How this powerful Android malware stayed hidden for years as it spied on thousands of users
Cybersecurity researchers have unmasked six applications on the Google Play store with a combined total of over 200,000 downloads in yet another example of the highly persistent malware that has been plaguing Android users for the past three years.
Joker malware pretends to be a legitimate app in the Play Store but after installation conducts billing fraud by either sending SMS messages to a premium rate number or using the victim’s account to repeatedly make purchases using WAP billing, which also lines the pockets of Joker’s operators.
The activity occurs behind the scenes and without any input required from the user, meaning they often won’t find out that they’ve been scammed until they receive a phone bill full of additional charges.
Google has removed over 1,700 apps containing Joker malware from the Play Store since 2017, but the malware keeps re-emerging and now six new malicious apps have been identified by researchers at cybersecurity company Pradeo.
Of the six apps uncovered as delivering Joker, one called ‘Convenient Scanner 2’ has been downloaded over 100,000 times alone, while ‘Separate Doc Scanner’ has been downloaded by 50,000 users.
Another app, ‘Safety AppLock’, claims to ‘protect your privacy’ and has been installed 10,000 times by unfortunate victims who will eventually find that the malicious download harms, rather than protects, them.
Two more apps have also received 10,000 downloads each – ‘Push Message-Texting&SMS’ and ‘Emoji Wallpaper’, while one named Fingertip GameBox has been downloaded 1,000 times.
The six apps have now been removed from the Play Store after being disclosed to Google by Pradeo. ZDNet has attempted to contact Google for comment; no response had been received at the time of publication.
Users who have any of the applications on their Android smartphone are urged to remove them immediately.
The six apps are just the latest in a long line of malicious downloads that the group behind Joker – also known as Bread – have attempted to sneak into the Play Store.
A previous blog post by Google’s Android security and privacy team describes Joker as one of the most persistent threats the Play Store faces, with the attackers behind it having “at some point used just about every cloaking and obfuscation technique under the sun in an attempt to go undetected”.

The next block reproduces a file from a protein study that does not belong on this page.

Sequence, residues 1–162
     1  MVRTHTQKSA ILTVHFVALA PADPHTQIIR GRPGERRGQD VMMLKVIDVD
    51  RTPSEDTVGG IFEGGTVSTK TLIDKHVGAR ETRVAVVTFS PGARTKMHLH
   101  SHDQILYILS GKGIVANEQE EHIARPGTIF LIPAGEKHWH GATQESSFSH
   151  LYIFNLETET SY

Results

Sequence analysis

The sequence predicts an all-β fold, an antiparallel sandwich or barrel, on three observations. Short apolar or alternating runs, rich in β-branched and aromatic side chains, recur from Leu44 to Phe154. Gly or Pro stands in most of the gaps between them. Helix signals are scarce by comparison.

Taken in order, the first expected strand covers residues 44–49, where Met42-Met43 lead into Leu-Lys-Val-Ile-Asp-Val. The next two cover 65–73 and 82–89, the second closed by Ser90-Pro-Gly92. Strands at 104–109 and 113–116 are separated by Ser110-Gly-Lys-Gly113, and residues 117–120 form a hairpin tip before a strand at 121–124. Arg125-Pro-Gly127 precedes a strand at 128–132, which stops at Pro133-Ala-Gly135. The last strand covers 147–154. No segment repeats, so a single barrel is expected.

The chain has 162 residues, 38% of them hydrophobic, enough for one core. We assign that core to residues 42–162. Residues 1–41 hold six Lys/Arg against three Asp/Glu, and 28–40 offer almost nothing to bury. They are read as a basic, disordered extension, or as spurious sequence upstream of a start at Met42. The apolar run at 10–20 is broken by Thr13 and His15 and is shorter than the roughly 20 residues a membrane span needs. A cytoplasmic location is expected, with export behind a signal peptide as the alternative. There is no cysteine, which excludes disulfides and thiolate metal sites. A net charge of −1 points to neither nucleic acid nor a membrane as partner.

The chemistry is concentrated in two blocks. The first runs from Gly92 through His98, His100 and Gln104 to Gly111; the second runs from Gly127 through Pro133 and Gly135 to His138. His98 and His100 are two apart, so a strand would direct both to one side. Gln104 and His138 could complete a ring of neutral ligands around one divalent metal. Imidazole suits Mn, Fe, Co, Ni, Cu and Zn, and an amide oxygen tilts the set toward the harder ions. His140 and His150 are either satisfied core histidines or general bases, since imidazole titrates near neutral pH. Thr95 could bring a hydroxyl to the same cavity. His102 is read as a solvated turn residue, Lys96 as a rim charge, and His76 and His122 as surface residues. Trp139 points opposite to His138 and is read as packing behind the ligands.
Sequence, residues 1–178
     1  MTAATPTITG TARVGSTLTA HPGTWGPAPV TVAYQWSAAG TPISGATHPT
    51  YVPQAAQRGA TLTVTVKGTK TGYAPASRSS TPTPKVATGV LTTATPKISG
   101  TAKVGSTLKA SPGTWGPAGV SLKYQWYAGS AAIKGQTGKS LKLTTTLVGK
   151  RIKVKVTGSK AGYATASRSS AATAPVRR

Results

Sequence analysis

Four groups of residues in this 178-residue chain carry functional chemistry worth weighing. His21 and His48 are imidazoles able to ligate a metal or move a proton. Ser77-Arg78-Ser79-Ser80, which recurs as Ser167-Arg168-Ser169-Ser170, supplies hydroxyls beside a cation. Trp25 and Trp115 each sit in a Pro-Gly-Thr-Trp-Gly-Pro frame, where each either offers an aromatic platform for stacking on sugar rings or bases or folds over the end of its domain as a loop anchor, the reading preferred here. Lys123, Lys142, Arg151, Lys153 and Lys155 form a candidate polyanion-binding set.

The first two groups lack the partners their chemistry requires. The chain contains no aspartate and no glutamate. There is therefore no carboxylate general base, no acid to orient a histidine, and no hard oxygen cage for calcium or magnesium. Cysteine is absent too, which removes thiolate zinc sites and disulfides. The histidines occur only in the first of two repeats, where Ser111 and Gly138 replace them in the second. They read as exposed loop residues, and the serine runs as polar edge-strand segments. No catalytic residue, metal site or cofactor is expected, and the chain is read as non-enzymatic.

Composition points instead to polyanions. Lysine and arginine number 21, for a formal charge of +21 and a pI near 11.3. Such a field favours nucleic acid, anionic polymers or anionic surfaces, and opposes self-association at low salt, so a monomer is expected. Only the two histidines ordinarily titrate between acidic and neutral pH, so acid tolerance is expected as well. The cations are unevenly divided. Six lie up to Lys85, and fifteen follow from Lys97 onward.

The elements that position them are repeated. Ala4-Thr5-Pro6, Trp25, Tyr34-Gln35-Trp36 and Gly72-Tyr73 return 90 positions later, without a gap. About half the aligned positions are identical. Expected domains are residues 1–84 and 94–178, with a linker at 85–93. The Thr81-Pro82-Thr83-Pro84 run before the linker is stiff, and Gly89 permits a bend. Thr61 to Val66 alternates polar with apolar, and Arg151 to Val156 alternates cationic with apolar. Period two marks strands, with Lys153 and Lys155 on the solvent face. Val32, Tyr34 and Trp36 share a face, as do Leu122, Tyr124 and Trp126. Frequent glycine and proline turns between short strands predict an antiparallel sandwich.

They also note that the sheer number of attempted submissions to the Play Store is one of the reasons it has remained so successful, with up to 23 different apps submitted a day during peak times.
In many cases, the malicious apps have been able to bypass the defences of the Play Store by submitting clean apps to begin with, only to add malicious functionalities at a later date.
“These apps are riddled with permission requests and submitted to Google Play by their developers. They get approved, published and installed by users. Once running on users’ devices, they automatically download malicious code,” Pradeo’s Roxane Suau told ZDNet.
“Then, they leverage their numerous permissions to execute the malicious code. Security checks of these apps’ source code as it is published on the store do not detect the malware, because it’s not there yet,” she added.
The authors of Joker attempt to encourage downloads of the malware by entering fake positive reviews – although many of the apps identified by Pradeo also have many negative reviews by users who’ve fallen victim to the malware, something that users should look out for when downloading apps.
The individual or group behind Joker is highly likely to still be active and attempting to trick more users into downloading malware in order to continue the fraud operation.